Amtrak Accounting


For private businesses, being self-sufficient means covering all your costs. For Amtrak, recipient of more than $23 billion in subsidies since 1971, it means covering any of its costs. Certain incidentals don't count as legitimate expenses–like maintenance of locomotives and passenger cars, depreciation on this equipment, and employees' retirement plans. Or so say Secretary of Transportation Rodney Slater, Amtrak Chairman Tommy Thompson (who moonlights as the welfare-slashing governor of Wisconsin), and some of the senators who oversee Amtrak's government-granted monopoly.

In late January, the Amtrak Reform Council, established a few years ago to help Amtrak locomote entirely on its own steam, released a report projecting operating losses of $567 million in 2002. Under a 1997 law, Amtrak must develop a plan to privatize itself–"complete liquidation" is the exact legislative language–if it is unable to cover its costs by the end of that fiscal year.

The Reform Council report didn't start the dreaded privatization process, but Amtrak, and interest groups earning a living off it, still denounced its findings. Sonny Hall, head of the AFL-CIO transport workers union, told the Associated Press that the report should have been called, "A Preliminary Death Wish for Amtrak." The National Association of Railroad Passengers, a D.C. lobby that's been fighting for subsidized train service since 1967, was adamant that just because a law mandates self-sufficiency doesn't mean it requires Amtrak to support itself.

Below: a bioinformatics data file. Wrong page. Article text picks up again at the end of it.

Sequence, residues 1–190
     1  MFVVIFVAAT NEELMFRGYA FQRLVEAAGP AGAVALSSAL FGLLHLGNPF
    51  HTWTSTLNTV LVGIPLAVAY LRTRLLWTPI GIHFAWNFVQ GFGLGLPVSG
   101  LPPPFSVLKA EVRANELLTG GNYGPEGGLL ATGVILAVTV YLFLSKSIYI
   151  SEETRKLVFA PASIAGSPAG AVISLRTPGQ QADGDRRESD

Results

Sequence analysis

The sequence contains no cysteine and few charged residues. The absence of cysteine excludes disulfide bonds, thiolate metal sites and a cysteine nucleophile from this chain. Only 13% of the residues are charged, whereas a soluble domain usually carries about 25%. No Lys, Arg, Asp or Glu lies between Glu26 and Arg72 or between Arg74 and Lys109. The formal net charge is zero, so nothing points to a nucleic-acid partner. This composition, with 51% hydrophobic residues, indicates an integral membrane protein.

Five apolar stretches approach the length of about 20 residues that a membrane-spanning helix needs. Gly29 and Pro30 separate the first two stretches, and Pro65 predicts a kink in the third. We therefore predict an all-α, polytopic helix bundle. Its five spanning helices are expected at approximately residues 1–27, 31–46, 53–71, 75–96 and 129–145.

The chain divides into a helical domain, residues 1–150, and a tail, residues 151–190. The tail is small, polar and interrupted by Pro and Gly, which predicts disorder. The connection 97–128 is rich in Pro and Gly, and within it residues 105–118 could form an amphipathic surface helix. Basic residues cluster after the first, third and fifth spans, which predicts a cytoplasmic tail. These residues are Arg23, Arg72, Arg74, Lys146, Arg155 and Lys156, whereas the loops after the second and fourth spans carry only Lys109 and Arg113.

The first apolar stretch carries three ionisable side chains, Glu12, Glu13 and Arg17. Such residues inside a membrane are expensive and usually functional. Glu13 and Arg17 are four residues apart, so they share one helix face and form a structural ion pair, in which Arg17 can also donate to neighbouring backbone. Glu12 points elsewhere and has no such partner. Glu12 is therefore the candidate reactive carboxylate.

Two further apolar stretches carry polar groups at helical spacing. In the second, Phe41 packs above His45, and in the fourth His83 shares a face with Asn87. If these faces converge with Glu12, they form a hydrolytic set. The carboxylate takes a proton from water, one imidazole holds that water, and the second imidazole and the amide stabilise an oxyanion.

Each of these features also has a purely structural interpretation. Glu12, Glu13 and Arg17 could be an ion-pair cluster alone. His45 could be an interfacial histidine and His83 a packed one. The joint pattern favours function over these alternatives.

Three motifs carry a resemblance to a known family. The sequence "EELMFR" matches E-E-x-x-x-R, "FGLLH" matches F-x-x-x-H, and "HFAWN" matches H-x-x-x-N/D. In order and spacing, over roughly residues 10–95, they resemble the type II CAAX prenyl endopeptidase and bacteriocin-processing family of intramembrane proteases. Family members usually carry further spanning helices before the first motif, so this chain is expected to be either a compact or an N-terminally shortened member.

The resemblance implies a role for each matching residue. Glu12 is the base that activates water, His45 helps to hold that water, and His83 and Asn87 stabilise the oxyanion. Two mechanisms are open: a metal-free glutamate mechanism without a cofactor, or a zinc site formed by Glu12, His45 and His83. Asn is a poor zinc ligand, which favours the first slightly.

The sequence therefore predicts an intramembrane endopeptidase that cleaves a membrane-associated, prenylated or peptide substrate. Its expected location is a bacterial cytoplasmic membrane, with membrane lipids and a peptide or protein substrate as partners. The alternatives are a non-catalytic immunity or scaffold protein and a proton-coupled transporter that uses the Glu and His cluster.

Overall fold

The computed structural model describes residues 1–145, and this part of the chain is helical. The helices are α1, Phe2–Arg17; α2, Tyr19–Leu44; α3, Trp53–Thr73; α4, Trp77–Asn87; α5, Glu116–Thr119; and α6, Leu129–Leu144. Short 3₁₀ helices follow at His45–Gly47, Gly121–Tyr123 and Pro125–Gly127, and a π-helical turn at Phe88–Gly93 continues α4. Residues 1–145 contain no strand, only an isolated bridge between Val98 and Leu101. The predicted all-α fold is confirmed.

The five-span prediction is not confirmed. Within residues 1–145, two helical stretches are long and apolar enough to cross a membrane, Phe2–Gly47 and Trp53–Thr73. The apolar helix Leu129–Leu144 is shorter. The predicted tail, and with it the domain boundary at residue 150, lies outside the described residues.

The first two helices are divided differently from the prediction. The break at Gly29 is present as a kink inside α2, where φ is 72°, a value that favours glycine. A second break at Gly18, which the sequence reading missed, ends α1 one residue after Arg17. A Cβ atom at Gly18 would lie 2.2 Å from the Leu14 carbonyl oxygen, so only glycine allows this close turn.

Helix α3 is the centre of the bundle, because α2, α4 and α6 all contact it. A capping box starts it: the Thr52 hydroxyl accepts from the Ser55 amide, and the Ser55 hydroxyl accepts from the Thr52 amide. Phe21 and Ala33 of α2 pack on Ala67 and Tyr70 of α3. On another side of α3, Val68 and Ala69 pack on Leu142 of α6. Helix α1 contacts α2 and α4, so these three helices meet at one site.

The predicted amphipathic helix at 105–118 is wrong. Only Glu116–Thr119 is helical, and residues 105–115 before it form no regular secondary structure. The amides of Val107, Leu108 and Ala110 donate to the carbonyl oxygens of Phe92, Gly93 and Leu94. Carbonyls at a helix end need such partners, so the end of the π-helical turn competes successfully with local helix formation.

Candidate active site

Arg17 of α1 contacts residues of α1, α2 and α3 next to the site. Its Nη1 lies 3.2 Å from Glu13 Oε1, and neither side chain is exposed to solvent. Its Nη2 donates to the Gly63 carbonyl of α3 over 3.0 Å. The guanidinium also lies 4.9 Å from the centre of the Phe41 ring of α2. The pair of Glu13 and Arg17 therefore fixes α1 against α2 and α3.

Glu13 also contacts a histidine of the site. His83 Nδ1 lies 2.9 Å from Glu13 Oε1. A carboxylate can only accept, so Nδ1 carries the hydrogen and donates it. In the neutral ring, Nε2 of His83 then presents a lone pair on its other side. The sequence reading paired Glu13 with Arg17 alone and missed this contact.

The Senate Commerce Committee held a hearing on February 24 to explore the issue, where Gov. Thompson maintained that forcing Amtrak to cover all its costs would doom its chances at ever being self-sufficient. Sens. Kay Bailey Hutchinson (R-Texas) and John Kerry (D-Mass.) agreed, and urged the Amtrak Reform Council to adopt lower standards.

Problem solved.